IOOA CEO, Mandy Johnston, writes for Irish Independent
Our vulnerability as a country in an uncertain world has been laid bare for all to see. Covid-19 has shown how quickly life as we know it can be changed utterly. The tragic legacy of Covid-19, the harsh reality of Brexit, as well as the international tussle between Russia, Saudi Arabia and the United States over energy, each represent a challenge to our ability to recover.
It is time to reflect and where necessary amend our medium and long-term strategies, back-up plans and contingencies. As the Russian-Saudi relationship swung radically from co-operation to competition, it is worth remembering that global political power plays are no longer far-off war games; they will eventually land on individual doorsteps.
Imagine how different the landscape would be if the next crisis were deepened by power cuts, blackouts and brown-outs. Homes, businesses and in a health crisis even our hospitals struggling to have the power to carry out daily routines.
Yet the security of Ireland’s own energy supply has been notable only for its absence in terms of Brexit preparations, our response to fresh international power plays and in so far as we can ascertain, even in the inter-party talks on the formation of a new Government.
The harsh reality is that Ireland is uniquely vulnerable in Europe and the prospect of the lights going out during future international uncertainty is very real.
Since the 1970s, our offshore natural gas fields, first at Kinsale Head and later at Corrib, have buffered us from the energy impact of wars, global stand-offs and shortages. It is also worth noting that the current emergency has coincided with a period of high atmospheric pressure over Ireland.
As the winds dropped, natural gas from the Cork and Mayo coasts stepped up, providing up to 75pc of electricity generation.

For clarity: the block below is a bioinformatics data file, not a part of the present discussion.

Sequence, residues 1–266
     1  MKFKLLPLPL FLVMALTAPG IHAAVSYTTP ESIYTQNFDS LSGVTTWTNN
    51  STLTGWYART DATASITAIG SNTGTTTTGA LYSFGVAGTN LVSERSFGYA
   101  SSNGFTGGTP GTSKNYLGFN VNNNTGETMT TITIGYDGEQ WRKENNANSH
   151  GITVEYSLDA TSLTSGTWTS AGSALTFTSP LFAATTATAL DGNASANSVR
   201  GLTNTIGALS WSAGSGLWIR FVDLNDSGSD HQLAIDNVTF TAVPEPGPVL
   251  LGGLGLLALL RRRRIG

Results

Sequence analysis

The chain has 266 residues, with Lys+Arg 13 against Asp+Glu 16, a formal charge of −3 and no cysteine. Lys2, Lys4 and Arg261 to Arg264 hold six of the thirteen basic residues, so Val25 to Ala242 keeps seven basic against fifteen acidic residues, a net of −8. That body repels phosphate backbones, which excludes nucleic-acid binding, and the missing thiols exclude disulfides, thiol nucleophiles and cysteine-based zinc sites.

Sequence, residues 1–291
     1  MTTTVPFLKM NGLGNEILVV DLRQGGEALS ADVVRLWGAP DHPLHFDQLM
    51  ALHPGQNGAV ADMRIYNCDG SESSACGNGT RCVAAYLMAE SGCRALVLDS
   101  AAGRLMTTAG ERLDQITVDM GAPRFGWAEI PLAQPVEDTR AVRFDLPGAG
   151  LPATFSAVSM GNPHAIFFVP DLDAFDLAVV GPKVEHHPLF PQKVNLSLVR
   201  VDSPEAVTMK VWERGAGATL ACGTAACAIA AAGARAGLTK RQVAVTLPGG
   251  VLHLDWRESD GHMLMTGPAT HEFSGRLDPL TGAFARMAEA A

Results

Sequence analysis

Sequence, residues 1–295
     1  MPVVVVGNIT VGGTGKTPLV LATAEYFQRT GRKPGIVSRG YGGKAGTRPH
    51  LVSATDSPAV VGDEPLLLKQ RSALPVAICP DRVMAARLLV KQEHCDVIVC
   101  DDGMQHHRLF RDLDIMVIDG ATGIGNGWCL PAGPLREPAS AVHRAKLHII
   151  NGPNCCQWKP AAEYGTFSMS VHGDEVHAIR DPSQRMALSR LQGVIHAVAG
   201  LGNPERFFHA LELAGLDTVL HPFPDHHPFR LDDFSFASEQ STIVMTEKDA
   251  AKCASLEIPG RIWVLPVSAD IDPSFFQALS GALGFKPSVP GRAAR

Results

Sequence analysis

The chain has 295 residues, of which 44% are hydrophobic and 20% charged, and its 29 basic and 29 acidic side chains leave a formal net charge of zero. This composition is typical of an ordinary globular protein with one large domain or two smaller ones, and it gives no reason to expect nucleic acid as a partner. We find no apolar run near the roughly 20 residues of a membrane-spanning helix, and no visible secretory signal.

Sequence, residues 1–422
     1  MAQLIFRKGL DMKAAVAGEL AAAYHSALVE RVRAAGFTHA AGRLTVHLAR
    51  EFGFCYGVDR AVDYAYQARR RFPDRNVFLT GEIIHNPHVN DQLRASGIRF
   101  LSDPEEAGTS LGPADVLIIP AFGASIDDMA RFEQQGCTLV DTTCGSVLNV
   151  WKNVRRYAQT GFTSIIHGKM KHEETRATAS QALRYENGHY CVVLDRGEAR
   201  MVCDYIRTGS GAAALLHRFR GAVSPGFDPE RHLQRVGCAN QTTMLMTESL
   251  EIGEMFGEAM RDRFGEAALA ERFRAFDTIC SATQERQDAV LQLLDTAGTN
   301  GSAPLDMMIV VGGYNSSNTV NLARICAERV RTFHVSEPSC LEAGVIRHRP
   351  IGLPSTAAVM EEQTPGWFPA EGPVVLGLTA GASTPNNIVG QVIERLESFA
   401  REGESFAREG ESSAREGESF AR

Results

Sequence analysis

However, the wind-down of those existing fields is now becoming real. This means that in the not-too-distant future, all the gas, along with all the oil, we need to supplement our renewable power will have to be imported.
With the ability to only store eight days’ national supply itself, do we honestly believe that post-Brexit Britain would in the event of a shortage give priority to powering Ireland?
Such an energy shortage is not unthinkable. It was just three months ago that fresh tension between the US and Iran sparked fears of such a shortage. Or closer to home, what if UK energy workers were ordered to stay home because of a virus or strike?
The only way we can keep our own independent energy security and end our reliance on Britain is to repeat the success of Kinsale and Corrib. Science tells us the prospects are good. Such a find will also give us the space needed to develop other untapped Irish energy sources, such as the wind and waves off our Atlantic coast.
Our new Government, whatever its formation, must at the very least look to address a serious weak point in our national security.
Once they have taken that step, with the right vision they could also see the potential off our coast and promote and support a sector which not only powers our economy but delivers jobs where they are needed most, in rural and coastal communities.
Ensuring we have secure, always-on energy to keep our lights on would be a good place to start.
Mandy Johnston is CEO of the Irish Offshore Operators’ Association